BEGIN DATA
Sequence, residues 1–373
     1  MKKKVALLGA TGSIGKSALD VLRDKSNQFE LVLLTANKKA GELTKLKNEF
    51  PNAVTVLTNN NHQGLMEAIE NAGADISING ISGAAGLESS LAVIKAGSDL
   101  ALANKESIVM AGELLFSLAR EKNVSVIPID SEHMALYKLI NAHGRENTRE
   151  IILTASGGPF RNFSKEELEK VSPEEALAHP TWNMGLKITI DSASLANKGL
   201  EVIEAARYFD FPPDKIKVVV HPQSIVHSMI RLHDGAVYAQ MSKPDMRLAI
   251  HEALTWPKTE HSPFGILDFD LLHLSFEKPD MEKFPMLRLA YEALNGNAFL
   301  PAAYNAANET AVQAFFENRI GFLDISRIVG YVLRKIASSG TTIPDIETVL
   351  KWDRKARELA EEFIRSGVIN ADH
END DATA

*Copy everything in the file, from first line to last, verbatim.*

Sequence, residues 1–373
     1  MKKKVALLGA TGSIGKSALD VLRDKSNQFE LVLLTANKKA GELTKLKNEF
    51  PNAVTVLTNN NHQGLMEAIE NAGADISING ISGAAGLESS LAVIKAGSDL
   101  ALANKESIVM AGELLFSLAR EKNVSVIPID SEHMALYKLI NAHGRENTRE
   151  IILTASGGPF RNFSKEELEK VSPEEALAHP TWNMGLKITI DSASLANKGL
   201  EVIEAARYFD FPPDKIKVVV HPQSIVHSMI RLHDGAVYAQ MSKPDMRLAI
   251  HEALTWPKTE HSPFGILDFD LLHLSFEKPD MEKFPMLRLA YEALNGNAFL
   301  PAAYNAANET AVQAFFENRI GFLDISRIVG YVLRKIASSG TTIPDIETVL
   351  KWDRKARELA EEFIRSGVIN ADH